How is bulimia treated?
The goal of treatment is to break the pattern of binge-purge behavior, correct distorted thinking patterns, and develop long-term behavioral changes. Your treatment team may consist of medical doctors, dietitians, and mental health professionals.
Typical treatment consists of medications plus psychological counseling and nutritional counseling. Medications common used include selective serotonin reuptake inhibitors such fluoxetine (Prozac®) or sertraline (Zoloft®); atypical neuroleptics such as olanzapine (Zyprexa®) and serotonin-norepinephrine reuptake inhibitors. Tricycylic antidepressants are less likely to be used as they may cause cardiac rhythm abnormalities
Psychological counseling is a type of individual counseling that focuses on changing the thinking (cognitive therapy) and behavior (behavioral therapy) of a person with an eating disorder. Treatment includes practical techniques for developing healthy attitudes toward food and weight, as well as approaches for changing the way the person responds to difficult situations. Three types of psychotherapy are thought to be the most helpful for treating bulimia. These are:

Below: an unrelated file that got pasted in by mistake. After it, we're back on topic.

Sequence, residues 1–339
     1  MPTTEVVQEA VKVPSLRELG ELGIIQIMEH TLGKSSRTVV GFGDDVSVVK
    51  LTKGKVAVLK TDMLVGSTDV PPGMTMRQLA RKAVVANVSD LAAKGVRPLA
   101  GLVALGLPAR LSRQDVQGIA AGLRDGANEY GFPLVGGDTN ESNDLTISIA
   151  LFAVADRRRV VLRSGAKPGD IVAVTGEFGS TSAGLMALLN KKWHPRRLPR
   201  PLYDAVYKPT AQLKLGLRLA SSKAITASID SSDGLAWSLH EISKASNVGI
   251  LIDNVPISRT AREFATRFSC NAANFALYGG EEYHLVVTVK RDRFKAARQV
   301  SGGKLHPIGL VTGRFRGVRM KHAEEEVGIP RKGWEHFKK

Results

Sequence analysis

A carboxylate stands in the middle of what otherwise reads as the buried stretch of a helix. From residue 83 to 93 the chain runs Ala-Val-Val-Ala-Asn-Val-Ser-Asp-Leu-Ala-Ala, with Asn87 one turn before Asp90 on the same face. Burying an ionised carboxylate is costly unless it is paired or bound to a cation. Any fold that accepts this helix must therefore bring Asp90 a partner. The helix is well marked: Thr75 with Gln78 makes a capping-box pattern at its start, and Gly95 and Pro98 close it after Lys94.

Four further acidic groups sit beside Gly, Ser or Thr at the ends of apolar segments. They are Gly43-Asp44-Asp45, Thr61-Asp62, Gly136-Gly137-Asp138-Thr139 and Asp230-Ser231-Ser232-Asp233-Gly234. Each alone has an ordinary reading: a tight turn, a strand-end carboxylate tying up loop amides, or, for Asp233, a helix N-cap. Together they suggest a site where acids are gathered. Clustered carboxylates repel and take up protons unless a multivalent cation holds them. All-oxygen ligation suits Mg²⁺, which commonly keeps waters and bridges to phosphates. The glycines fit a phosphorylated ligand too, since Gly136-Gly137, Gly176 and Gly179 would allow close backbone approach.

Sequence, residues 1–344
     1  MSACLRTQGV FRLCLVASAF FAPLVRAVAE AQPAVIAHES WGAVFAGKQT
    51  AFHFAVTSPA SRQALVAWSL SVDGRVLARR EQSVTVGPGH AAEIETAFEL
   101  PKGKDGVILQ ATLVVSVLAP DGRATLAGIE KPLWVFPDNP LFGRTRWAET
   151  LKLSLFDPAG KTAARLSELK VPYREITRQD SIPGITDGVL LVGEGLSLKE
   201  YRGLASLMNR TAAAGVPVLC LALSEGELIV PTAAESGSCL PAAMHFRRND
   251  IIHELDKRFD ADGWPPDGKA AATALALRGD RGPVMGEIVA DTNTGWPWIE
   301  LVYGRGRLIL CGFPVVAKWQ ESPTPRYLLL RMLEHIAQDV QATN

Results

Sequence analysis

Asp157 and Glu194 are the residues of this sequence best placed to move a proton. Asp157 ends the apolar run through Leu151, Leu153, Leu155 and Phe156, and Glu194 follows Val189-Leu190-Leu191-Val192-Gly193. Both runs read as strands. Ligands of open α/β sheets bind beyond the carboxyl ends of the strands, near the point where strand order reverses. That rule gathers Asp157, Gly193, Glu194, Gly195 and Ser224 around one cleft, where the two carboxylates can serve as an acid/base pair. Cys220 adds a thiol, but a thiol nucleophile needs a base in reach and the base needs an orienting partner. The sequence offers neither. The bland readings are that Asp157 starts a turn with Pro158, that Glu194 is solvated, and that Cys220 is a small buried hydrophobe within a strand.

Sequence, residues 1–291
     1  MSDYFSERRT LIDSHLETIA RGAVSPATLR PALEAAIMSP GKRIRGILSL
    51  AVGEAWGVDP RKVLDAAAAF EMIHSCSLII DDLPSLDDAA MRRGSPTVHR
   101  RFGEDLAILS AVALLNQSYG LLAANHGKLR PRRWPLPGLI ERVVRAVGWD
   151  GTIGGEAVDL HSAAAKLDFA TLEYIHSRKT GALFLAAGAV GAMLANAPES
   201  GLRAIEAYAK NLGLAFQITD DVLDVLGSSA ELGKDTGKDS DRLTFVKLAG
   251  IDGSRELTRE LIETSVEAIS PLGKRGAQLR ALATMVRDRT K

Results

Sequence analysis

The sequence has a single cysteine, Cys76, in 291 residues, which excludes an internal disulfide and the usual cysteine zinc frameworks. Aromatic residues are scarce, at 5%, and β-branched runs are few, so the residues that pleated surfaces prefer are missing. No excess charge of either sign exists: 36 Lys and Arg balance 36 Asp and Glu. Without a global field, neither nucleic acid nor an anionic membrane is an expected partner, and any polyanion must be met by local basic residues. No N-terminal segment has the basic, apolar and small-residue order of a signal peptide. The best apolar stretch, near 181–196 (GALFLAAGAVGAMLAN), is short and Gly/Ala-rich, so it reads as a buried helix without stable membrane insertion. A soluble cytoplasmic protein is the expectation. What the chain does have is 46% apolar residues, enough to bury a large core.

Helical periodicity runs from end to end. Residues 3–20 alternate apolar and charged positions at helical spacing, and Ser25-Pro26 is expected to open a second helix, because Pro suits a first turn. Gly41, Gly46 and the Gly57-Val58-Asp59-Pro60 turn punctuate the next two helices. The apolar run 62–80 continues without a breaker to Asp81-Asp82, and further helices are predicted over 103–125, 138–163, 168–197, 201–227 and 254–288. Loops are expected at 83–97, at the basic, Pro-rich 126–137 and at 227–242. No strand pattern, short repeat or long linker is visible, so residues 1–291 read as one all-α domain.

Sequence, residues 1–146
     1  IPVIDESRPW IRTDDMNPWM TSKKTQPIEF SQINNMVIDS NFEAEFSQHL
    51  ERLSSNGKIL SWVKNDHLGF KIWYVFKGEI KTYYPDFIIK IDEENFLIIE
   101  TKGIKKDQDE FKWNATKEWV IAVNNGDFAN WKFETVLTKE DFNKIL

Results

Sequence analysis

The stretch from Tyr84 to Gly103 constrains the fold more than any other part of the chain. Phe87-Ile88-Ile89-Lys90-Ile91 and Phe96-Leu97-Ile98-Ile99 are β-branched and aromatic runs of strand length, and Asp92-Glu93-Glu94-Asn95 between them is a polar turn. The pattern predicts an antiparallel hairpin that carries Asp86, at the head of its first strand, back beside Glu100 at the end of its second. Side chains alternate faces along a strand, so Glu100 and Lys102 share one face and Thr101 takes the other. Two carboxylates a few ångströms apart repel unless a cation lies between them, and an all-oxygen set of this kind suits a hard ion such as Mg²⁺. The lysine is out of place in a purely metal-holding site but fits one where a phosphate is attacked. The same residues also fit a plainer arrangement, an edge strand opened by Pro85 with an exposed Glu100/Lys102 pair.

- Cognitive Behavioral Therapy (CBT). This therapy’s goal is to address distorted views and attitudes about weight, shape and appearance and practice behavioral modification (if “X” happens, I can do “Y” instead of “Z”).
- Dialectical Behavior Therapy (DBT), is CBT plus insight. In other words, this therapy helps the individual not just develop new skills to handle negative triggers, but also helps the person develop insight to recognize triggers or situations where a non-useful behavior might occur. Specific skills include building mindfulness, improving relationships through interpersonal effectiveness, managing emotions and tolerating stress.
- Family-based Treatment (also called the Maudsley Method). This therapy involves family-based feeding, which means putting the parents/family in charge of getting the appropriate nutritional intake consumed by the individual with the eating disorder. FBT has shown more efficacy with anorexia nervosa at this time, with studies ongoing.
Nutrition counseling involves learning healthier way to eat under the guidance of a registered dietitian or counselor.